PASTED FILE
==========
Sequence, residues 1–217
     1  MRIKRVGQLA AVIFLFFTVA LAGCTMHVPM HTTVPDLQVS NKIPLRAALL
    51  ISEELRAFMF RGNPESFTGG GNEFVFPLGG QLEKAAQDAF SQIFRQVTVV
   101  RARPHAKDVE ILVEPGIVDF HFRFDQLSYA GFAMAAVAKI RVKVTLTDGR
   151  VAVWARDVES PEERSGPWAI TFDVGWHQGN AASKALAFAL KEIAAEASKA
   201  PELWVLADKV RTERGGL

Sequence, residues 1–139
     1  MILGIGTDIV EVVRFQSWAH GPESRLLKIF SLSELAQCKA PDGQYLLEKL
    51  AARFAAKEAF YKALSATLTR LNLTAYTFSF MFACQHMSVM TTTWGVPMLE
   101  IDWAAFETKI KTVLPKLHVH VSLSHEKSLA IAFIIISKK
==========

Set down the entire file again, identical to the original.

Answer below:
Sequence, residues 1–217
     1  MRIKRVGQLA AVIFLFFTVA LAGCTMHVPM HTTVPDLQVS NKIPLRAALL
    51  ISEELRAFMF RGNPESFTGG GNEFVFPLGG QLEKAAQDAF SQIFRQVTVV
   101  RARPHAKDVE ILVEPGIVDF HFRFDQLSYA GFAMAAVAKI RVKVTLTDGR
   151  VAVWARDVES PEERSGPWAI TFDVGWHQGN AASKALAFAL KEIAAEASKA
   201  PELWVLADKV RTERGGL

Sequence, residues 1–139
     1  MILGIGTDIV EVVRFQSWAH GPESRLLKIF SLSELAQCKA PDGQYLLEKL
    51  AARFAAKEAF YKALSATLTR LNLTAYTFSF MFACQHMSVM TTTWGVPMLE
   101  IDWAAFETKI KTVLPKLHVH VSLSHEKSLA IAFIIISKK